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Ballard v. Wilderness Resort Hotel & Golf Resort

United States District Court, N.D. Illinois, Eastern Division

August 1, 2014

LYNN BALLARD, as Special Administrator of the Estate of PATRICK PAGE, Deceased, Plaintiff,
Wilderness Resort Hotel & Golf Resort; Wilderness Hotel & Resort, Inc.; Wilderness Resort Construction, LLC; Wilderness Hotel & Golf Resort, Inc.; Wilderness Development Corporation; Wilderness Territory; Wilderness Tennessee Entertainment, LLC; Wilderness Tennessee Marks, LLC; Wilderness Tennessee Property Management, LLC; Wilderness Tennessee Rental Management, LLC; Wilderness Ventures Holding Company, LLC; Wilderness Ventures Management Services, LLC; Wilderness Tennessee Ventures No. 1, LLC; Wilderness Tennessee Ventures No. 2, LLC; Wilderness Tennessee Ventures No. 3, LLC; Wilderness Tennessee Ventures No. 4, LLC; Wilderness Tennessee Ventures No. 5, LLC; and Glacier Canyon Lodge, LLC, Defendants.


EDMOND E. CHANG, District Judge.

Plaintiff Lynn Ballard, administrator of her husband Patrick Page's estate, originally brought suit in the Circuit Court of Cook County, Illinois, after her husband died in a swimming pool accident.[1] R. 23-1, Defs.' Exh. A, Compl. Ballard alleges that Defendants-multiple corporations and limited liability companies with potential ties to the pool-negligently operated the pool, leading to the accident. Defendants removed the case from state court to this Court, but Ballard has now requested that the Court remand the case back to state court. R. 23, Am. Notice of Removal; R. 40, Pl.'s Req. Remand. For the reasons discussed below, Ballard's request for remand [R. 40] is granted.

I. Background

On December 21, 2011, Ballard's husband drowned in a swimming pool located on the premises of Defendant Wilderness Hotel & Resort, Inc. (Wilderness Hotel). See Compl. ¶¶ 3-4, 14; see also R. 23-4, Defs.' Exh. D, Lucke Aff. ¶ 6. Ballard and her husband were both guests at the hotel where the pool was located. Compl. ¶ 12. On December 20, 2013, Ballard, as the administrator of her husband's estate, filed this lawsuit in the Circuit Court of Cook County against all eighteen of the Defendants, alleging that they collectively owned and operated the hotel and the pool. See id. ¶¶ 3-4. Ballard alleges that Defendants' negligence caused her husband's death, including through the lack of precautionary measures, the lack of proper lifeguard training and supervision, and the failure to properly maintain the pool. Id. ¶ 17.

Defendants then removed the case to this Court, asserting diversity of citizenship as the basis of federal subject matter jurisdiction. R. 2, Notice of Removal ¶ 5. After the Court issued a jurisdictional inquiry, Defendants filed an amended notice of removal, and it then became clear that one Defendant, Glacier Canyon Lodge, LLC, is a citizen of Illinois. Am. Notice of Removal ¶ 17.[2] This was a problem because Ballard is also an Illinois citizen. See id. ¶¶ 1, 16. Normally, this would destroy the complete diversity that is required to support removal to federal court. Defendants, however, argue that this Court still has subject matter jurisdiction because Ballard fraudulently joined Glacier Canyon. Id. ¶ 18. In response, Ballard has moved to remand the case back to state court, arguing that Glacier Canyon is properly joined. Pl.'s Req. Remand at 1-2.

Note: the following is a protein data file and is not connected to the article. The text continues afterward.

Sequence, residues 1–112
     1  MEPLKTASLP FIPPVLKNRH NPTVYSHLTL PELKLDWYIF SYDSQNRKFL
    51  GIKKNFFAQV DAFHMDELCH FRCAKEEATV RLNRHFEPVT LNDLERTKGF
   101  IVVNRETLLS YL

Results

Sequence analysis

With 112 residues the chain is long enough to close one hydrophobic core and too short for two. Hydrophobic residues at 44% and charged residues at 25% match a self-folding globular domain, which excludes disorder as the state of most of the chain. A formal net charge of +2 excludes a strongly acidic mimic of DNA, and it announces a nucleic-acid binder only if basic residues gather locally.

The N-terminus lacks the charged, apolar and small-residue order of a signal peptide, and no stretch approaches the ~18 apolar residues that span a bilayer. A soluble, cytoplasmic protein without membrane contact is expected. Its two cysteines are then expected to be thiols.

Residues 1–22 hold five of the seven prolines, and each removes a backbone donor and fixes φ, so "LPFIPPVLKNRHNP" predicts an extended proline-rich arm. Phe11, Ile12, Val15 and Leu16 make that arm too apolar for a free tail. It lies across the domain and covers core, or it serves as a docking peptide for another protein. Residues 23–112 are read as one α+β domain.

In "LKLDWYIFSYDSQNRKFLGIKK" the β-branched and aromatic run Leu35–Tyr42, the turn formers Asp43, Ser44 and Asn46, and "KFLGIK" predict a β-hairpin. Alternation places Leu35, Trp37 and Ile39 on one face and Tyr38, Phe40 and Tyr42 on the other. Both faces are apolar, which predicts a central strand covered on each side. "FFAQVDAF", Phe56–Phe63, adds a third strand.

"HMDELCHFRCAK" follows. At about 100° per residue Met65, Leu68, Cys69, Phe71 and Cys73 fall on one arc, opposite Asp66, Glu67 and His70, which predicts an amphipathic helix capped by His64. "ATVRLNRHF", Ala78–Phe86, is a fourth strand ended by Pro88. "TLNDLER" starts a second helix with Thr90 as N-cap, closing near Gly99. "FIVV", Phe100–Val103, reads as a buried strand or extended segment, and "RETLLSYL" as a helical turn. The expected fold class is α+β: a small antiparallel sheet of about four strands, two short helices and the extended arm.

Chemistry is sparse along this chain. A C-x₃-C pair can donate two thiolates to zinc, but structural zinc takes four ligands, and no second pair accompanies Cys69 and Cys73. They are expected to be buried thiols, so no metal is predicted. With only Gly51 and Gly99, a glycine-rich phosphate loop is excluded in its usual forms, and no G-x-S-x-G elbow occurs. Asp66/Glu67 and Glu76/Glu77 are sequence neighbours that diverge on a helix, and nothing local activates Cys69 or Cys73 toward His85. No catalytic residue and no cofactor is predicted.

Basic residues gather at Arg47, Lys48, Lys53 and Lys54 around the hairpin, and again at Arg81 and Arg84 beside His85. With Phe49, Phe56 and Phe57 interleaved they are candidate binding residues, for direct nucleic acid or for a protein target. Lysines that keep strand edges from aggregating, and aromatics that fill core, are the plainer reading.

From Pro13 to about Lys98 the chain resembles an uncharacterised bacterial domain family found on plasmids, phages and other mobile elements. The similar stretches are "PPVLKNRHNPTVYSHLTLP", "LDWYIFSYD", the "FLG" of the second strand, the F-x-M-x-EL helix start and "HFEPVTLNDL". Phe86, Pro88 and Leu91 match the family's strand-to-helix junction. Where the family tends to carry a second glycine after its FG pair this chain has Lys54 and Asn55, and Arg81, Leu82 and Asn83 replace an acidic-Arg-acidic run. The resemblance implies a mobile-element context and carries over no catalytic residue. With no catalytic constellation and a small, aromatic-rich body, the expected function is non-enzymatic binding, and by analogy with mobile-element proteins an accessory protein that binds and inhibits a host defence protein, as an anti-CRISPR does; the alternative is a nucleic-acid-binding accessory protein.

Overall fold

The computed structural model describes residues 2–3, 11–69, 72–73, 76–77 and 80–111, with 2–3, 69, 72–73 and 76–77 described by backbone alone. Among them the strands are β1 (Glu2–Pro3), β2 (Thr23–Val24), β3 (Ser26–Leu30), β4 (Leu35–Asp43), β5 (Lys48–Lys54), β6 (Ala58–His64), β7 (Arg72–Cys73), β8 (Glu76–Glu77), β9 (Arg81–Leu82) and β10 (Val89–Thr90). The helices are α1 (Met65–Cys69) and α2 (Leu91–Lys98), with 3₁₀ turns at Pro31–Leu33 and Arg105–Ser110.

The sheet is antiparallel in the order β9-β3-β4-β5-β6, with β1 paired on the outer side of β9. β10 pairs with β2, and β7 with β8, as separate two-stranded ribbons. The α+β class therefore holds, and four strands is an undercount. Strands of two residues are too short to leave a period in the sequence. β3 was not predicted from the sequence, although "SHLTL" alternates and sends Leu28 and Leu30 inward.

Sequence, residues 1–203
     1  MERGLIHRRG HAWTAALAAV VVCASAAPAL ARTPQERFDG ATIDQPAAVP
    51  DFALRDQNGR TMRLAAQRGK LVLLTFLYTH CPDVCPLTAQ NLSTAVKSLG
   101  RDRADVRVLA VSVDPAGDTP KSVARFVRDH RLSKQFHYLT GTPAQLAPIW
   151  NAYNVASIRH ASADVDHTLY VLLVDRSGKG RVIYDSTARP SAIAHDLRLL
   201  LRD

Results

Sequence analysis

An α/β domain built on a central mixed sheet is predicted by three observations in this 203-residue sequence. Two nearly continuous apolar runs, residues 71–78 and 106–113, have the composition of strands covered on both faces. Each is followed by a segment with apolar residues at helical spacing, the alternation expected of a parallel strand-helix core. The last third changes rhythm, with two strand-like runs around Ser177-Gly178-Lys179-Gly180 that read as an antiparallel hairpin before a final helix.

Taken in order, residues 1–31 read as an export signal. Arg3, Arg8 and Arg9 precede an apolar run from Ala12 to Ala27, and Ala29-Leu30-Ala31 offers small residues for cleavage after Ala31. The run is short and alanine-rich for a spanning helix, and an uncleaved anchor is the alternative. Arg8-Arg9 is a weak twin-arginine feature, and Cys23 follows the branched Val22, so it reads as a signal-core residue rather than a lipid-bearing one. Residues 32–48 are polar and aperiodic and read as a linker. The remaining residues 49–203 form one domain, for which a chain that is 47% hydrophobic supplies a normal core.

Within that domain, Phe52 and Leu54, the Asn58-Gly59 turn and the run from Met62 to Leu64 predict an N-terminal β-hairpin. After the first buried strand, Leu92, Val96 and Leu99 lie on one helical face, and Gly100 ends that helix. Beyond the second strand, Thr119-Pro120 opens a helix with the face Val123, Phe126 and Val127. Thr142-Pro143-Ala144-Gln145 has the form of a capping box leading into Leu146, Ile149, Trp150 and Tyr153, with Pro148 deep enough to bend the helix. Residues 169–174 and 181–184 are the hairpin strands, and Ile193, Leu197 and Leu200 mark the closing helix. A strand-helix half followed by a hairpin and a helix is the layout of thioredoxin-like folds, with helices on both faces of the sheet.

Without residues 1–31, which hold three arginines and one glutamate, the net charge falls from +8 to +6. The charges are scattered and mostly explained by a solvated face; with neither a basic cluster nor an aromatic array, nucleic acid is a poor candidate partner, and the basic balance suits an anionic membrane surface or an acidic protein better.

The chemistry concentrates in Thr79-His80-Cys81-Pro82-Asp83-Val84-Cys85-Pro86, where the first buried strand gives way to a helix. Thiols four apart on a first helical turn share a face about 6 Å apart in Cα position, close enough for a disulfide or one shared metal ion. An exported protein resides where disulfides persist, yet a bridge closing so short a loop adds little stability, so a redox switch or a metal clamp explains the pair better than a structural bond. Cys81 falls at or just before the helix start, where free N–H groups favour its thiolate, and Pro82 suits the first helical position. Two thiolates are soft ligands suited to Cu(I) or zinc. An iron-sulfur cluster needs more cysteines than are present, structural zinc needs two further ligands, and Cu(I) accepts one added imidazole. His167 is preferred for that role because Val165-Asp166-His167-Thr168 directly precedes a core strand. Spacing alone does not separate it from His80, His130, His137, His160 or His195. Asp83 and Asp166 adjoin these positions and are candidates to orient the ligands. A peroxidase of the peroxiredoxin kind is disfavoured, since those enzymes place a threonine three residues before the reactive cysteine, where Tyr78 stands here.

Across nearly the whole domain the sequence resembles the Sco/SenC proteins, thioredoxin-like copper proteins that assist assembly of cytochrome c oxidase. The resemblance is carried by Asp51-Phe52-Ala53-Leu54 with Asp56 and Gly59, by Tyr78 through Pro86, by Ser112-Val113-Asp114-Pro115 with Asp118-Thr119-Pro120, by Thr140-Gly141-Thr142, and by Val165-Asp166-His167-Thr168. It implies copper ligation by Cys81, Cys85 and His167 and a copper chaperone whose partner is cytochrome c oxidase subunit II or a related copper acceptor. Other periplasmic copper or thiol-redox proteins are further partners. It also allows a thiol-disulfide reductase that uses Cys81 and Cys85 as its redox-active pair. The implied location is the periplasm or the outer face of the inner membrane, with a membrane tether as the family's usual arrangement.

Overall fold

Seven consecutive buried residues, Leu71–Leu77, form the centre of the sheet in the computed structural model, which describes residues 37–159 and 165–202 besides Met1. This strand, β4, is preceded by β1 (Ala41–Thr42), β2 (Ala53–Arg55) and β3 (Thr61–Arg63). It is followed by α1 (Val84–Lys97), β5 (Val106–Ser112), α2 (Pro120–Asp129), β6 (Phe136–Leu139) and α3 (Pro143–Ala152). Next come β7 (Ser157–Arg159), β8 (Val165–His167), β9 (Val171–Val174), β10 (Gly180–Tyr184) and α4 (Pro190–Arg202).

II. Legal Standard

Ordinarily, the presence of a non-diverse defendant, like Glacier Canyon, would render removal improper. But where defendants can show that the "joinder" of the non-diverse defendant was "fraudulent"-that is, when "fraudulent joinder" applies-then federal courts will disregard the non-diverse defendant for purposes of determining whether diversity jurisdiction exists. Poulos v. Naas Foods, Inc., 959 F.2d 69, 73 (7th Cir. 1992).[3] Defendants must clear a high hurdle to prove fraudulent joinder: "Fraudulent joinder is difficult to establish-a defendant must demonstrate that, after resolving all issues of fact and law in favor of the plaintiff, the plaintiff cannot establish a cause of action against the in-state defendant." Schur v. L.A. Weight Loss Ctrs., Inc., 577 F.3d 752, 764 (7th Cir. 2009) (internal quotation marks and citation omitted). Stated differently, the Court must ask whether there is "any reasonable possibility that the plaintiff could prevail against the non-diverse defendant." Id. (internal quotation marks and citation omitted). "The party seeking removal has the burden of establishing federal jurisdiction, and federal courts should interpret the removal statute narrowly, resolving any doubt in favor of the plaintiff's choice of forum in state court." Id. at 758.

III. Analysis